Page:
CROSS REFERENCE TO RELATED APPLICATIONS
The present application is a U.S. National Stage patent application of International Patent Application No. PCT/US2013/048944, filed on 1 Jul. 2013, the benefit of which is claimed and the disclosure of which is incorporated herein by reference in its entirety.
The present disclosure relates generally to oilfield equipment, and in particular to wellhead-mounted reciprocating sucker rod pumping units, commonly referred to as pump jacks.
Hydrocarbons are often produced from well bores by reciprocating downhole pumps that are driven from the surface by pumping units. A pumping unit is connected to its downhole pump by a rod string, which is assembled from a number of sucker rods. Often, the downhole pump is referred to as a sucker rod pump and the surface pumping unit that reciprocates the rod string is referred to as a pump jack, although other terms may also be used by routineers in the art. Several types of pumping units are known in the art, including the prolific walking beam style pumps, and pumps that employ a piston-cylinder arrangement.
The uppermost rod in the rod string is called a polished rod, so named because of its smooth finish. The pump jack carries the polished rod, typically via a wire rope bridal and carrier bar. The polished rod extends through a packing gland or stuffing box at the wellhead for providing a dynamic well seal as the polished rod strokes up and down. A rod string of sucker rods hangs from the polished rod within a tubing string located within the well casing. The rod string is connected to the plunger of the subsurface pump. In a reciprocating cycle of the pump jack, formation fluids flow into the well and pump housing during the downstroke, and well fluids are lifted within the tubing string during the rod string upstroke.
One type of pump jack is a wellhead-mounted linear lift system. The linear lift system has an elongate frame vertically oriented and mounted atop the wellhead. The frame may be supported with guy wires. The top of the frame carries a ram assembly oriented to be in line with the wellhead. The ram assembly may be hydraulic or pneumatic, for example. A piston rod extends downwardly from the ram assembly and connects to the polished rod of the sucker rod pump above the wellhead. Application of a pressurized fluid to the ram assembly lifts the piston rod, the polished rod, the rod string, and the plunger of the downhole pump to lift well fluids within the tubing string. A subsequent release of pressure to the ram assembly allows the piston rod, the polished rod, the rod string, and the plunger of the downhole pump to descend, thereby completing one pump cycle.
Such linear lift systems are typically characterized by a small footprint, low weight, high load capacity, an easily adjustable ultra-long stroke, and a simple, low-maintenance actuator that uses a single-acting ram. Because of these advantages, there are circumstances in which it is desirable to use a wellhead-mounted linear lift system.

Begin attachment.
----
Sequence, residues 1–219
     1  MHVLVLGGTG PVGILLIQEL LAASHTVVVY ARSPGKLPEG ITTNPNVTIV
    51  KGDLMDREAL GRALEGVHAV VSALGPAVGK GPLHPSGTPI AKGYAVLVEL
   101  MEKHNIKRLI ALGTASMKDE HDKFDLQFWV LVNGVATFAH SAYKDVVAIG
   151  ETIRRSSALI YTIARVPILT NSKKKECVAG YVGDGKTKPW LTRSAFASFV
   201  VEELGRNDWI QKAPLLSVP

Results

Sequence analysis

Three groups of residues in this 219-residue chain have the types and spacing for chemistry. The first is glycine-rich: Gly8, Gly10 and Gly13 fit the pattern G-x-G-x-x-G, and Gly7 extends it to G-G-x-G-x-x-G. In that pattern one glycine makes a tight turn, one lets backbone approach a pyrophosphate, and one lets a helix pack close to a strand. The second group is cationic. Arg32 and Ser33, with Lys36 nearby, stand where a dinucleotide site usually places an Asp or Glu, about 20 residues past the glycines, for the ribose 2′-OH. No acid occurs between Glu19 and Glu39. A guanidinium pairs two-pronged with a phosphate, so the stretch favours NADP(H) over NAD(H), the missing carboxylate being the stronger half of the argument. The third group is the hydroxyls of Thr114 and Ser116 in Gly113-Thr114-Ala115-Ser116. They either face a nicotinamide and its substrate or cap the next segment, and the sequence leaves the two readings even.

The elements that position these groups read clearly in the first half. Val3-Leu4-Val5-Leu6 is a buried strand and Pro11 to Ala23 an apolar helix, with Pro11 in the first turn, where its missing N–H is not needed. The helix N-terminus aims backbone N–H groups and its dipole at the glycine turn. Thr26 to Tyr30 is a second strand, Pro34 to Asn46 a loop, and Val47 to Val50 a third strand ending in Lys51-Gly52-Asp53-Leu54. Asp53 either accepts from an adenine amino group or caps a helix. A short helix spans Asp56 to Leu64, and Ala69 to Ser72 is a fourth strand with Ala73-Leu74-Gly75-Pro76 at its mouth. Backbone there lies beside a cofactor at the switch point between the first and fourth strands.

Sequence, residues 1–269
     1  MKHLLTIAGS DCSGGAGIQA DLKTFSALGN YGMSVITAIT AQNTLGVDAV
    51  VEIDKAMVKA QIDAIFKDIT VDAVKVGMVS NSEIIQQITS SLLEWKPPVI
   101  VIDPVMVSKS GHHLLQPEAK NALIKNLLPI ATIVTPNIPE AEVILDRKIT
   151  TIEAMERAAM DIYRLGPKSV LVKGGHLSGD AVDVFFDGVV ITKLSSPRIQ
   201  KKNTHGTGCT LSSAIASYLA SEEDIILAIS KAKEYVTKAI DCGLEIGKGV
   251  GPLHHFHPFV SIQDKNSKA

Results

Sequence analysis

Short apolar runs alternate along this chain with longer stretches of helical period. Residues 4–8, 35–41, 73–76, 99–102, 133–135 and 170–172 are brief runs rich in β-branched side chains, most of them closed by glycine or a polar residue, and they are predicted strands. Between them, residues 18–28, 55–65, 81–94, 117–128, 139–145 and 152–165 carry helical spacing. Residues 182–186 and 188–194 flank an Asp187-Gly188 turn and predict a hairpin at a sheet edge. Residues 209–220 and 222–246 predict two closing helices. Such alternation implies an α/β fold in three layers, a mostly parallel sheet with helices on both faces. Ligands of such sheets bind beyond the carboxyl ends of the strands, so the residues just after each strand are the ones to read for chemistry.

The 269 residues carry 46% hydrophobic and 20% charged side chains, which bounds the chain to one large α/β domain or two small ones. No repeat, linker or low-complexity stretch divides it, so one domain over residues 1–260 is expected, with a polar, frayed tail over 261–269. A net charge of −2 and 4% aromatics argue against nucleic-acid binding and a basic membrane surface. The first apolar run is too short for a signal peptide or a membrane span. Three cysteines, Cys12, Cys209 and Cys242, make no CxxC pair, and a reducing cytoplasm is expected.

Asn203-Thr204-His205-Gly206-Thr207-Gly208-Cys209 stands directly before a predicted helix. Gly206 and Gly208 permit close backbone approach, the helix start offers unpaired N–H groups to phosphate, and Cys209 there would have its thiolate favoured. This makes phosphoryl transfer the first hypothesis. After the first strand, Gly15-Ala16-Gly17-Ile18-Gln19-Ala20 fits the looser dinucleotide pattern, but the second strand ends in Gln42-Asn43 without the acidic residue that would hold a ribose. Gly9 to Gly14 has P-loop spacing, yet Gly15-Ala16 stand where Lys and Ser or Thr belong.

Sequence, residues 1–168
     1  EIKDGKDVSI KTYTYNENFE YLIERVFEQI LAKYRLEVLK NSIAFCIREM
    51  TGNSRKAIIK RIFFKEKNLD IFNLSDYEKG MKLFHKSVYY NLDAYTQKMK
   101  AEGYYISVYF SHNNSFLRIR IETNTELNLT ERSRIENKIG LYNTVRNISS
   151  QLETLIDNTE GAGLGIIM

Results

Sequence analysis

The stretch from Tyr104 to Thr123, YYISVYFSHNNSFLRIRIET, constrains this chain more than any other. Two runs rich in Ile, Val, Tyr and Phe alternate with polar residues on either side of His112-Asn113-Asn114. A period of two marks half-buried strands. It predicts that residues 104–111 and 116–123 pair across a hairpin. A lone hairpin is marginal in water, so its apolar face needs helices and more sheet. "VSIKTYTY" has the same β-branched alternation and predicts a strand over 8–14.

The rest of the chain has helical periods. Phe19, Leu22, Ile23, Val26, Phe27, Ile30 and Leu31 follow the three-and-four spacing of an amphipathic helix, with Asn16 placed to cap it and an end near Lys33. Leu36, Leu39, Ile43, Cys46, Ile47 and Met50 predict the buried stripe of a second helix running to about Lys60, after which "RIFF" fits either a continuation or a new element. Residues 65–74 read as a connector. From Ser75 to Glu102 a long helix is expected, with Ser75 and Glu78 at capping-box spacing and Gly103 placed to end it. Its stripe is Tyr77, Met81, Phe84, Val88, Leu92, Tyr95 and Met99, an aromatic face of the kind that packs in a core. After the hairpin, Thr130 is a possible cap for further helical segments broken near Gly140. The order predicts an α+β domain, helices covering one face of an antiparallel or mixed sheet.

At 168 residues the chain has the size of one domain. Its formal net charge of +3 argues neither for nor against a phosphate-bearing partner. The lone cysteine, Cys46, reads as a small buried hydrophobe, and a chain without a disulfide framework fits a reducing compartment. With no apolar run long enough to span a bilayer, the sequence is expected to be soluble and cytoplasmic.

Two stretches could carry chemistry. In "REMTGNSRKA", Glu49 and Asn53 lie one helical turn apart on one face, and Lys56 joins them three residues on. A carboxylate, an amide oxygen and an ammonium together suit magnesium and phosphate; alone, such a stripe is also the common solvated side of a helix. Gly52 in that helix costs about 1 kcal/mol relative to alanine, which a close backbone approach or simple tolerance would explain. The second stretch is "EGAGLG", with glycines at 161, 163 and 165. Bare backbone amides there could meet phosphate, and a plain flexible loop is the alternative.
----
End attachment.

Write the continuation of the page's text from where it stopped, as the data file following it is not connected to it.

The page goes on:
BRIEF DESCRIPTION OF THE DRAWINGS
Embodiments are described in detail hereinafter with reference to the accompanying figures, in which:
FIG. 1 is a perspective view of an improved linear lift system according to a present embodiment showing a lower wellhead mount and an upper linear actuator, which may be a piston-cylinder assembly as shown;
FIG. 2 is an enlarged perspective longitudinal cross section of the upper end of the piston-cylinder assembly of FIG. 1, showing a stopper mounted in the top end of the cylinder for limiting upward piston travel;
FIG. 3 is an enlarged perspective longitudinal cross section of the lower end of the piston-cylinder assembly of FIG. 1, showing details of the piston, connecting rod, gland, and seals;
FIG. 4 is a perspective view of the lower end of the piston-cylinder assembly and upper end of the wellhead mount of FIG. 1, showing a position adjustment mechanism for precisely aligning the cylinder with a wellhead;
FIG. 5 is an elevation in partial cross section of the linear lift system of FIG. 1 mounted at a wellhead and connected to the polished rod of the sucker rod pump during initial installation or maintenance of the lift, for example; and
FIG. 6 is an elevation in partial cross section of the linear lift system of FIG. 5, showing the lift during normal pumping operation with the piston located at the top of its operational stroke.
FIG. 1 illustrates a linear lift system 10 according to a present embodiment that provides a reduced overall height for the same stroke capability as compared to a conventional wellhead linear lift system of prior art, thereby minimizing weight and maximizing transportability.
Lift 10 includes a linear actuator assembly 12 carried atop a wellhead mount 14. If necessary, linear actuator assembly 12 may include a frame assembly 16, guy wires (not illustrated), or the like, for laterally support. In the embodiment shown, the linear actuator assembly frame 16 includes a series of tie rods 17 and support plates 18, although other suitable arrangements may be used as appropriate.
In one embodiment, linear actuator assembly 12 includes a piston-cylinder assembly 20, which may be hydraulic or pneumatic for example. Other linear actuators, such as mechanical or electromagnetic, may be used as appropriate.
Wellhead mount 14 can take any number of forms provided it can carry linear actuator assembly 12 at an appropriate distance above a wellhead and allow access to the wellhead for operation and maintenance. For example, as illustrated, wellhead mount 14 includes a baseplate 22 for mounting to the ground with a wellhead opening 24 formed therethrough. Linear actuator assembly 12 is mounted to a pedestal 27, which is carried above baseplate 22 by a table 26 and legs 28.
FIG. 2 shows the top end of the piston-cylinder assembly 20 as it is configured for pumping operation. Referring to FIG. 2, piston-cylinder assembly 20 includes a cylinder 30, a piston 32 that fits closely and slides within cylinder 30, and a connecting rod 34 for transmitting the movement of piston 32. Connecting rod 34 is connected to piston 32 via a yoke fitting 36 and pin or bolt 38 to allow for some minor misalignment between connecting rod 34 and piston 32.